Here is possibly the most beautiful piece of mail I have ever received. And to be fair, it was my husband who received it, but I thieved the envelope. This is a manila folder sized piece that contained a document of some importance--it was shipped SedEx, which is the Brazilian equivalent of the US Priority Mail from the post office. The photo on front and back of this envelope is from the botanical gardens of Curitiba, Brazil.
I have a love-hate relationship with the mail service here. Mostly hate. A dear friend sent me two boxes of Samoas (Girl Scout cookies) from Maine and they arrived three months late and crushed into tiny crumbs (I ate every last one, by the way). I usually get my last Christmas card in April (and yes, the date stamp says December 15 so it's not just folks as late as I am). My college alum magazine routinely arrives three months after shipping from the US. And some stuff just plain old doesn't arrive--the latest one that I mourn that didn't arrive is a treasured hat from a good friend. Why would a hat not make it through the customs guys? I have no idea. Maybe a bald one had a head cold. Four months after it was shipped from Alabama, I know I will never see this item.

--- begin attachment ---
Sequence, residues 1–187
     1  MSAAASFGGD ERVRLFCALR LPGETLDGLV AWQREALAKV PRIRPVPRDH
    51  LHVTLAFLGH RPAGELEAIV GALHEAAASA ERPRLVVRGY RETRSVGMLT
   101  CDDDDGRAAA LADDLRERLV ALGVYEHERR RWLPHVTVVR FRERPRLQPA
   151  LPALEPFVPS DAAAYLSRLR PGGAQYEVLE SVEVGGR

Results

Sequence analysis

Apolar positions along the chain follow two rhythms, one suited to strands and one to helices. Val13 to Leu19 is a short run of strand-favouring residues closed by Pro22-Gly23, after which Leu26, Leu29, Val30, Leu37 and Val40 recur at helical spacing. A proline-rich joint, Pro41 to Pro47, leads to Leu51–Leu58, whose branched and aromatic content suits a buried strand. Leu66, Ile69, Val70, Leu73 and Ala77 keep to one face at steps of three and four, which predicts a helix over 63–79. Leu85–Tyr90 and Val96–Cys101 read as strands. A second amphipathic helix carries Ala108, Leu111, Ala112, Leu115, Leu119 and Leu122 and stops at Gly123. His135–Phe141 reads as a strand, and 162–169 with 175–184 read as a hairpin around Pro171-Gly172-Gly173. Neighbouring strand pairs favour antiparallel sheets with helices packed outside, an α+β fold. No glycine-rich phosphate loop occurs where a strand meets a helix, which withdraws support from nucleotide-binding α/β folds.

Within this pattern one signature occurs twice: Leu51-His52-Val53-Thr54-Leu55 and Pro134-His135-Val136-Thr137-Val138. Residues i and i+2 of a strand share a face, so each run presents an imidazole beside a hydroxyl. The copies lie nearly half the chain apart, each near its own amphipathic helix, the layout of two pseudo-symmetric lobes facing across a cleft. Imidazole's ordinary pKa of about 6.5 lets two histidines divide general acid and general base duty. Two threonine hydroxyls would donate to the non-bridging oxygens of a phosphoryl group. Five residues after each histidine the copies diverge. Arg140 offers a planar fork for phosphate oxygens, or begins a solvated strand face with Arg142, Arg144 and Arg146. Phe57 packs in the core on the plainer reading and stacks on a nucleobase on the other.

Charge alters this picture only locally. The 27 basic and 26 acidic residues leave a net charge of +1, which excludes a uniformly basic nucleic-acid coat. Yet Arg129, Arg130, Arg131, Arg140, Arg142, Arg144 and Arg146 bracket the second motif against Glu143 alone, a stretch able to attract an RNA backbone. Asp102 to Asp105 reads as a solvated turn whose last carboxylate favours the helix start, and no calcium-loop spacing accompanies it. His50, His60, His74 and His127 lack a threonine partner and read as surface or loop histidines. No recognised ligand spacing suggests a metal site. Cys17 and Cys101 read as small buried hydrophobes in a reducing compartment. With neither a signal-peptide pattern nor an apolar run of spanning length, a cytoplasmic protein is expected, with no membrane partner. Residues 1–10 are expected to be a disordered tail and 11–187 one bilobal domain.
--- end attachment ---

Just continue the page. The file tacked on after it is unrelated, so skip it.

A friend's family sent a Barbie dream house as a present for her daughter. Customs got a hold of it and asked her for one and a half times the price of the item in order to "liberate it" from customs. And if they hadn't gotten that money from her, they might have gone after the sender in the US. Items of any value higher than US$50 are in danger of never making it, or having a customs tax added.
Why all the taxing? The theory is to protect Brazilian manufacturing. But the reality of it is that Brazil does not manufacture any item that competes even remotely with various foreign-made products--Barbie dream house, even well-made clothes are scarce here. Some other time I will talk about the imported car situation--we paid three times US prices for our Honda. All taxes and "penalties" for not buying Brazilian.
I cannot ship anything from the US and I discourage my friends or family from sending anything. I just can't bear the thought of things disappearing forever. Irreplaceable things. If they just taxed or took the Dream House, that would be okay (not sure what the Dream House would be doing here anyway considering I have two boys). But not the friend's hat: used, with no value other than sentimental. The only chance there is to get through is to declare a value under US$50 and play the roulette of whether customs will open it or not. And be prepared to wait for those girl scout cookies--apparently they are stomped on for three months before delivered. Still, the crumbs are good...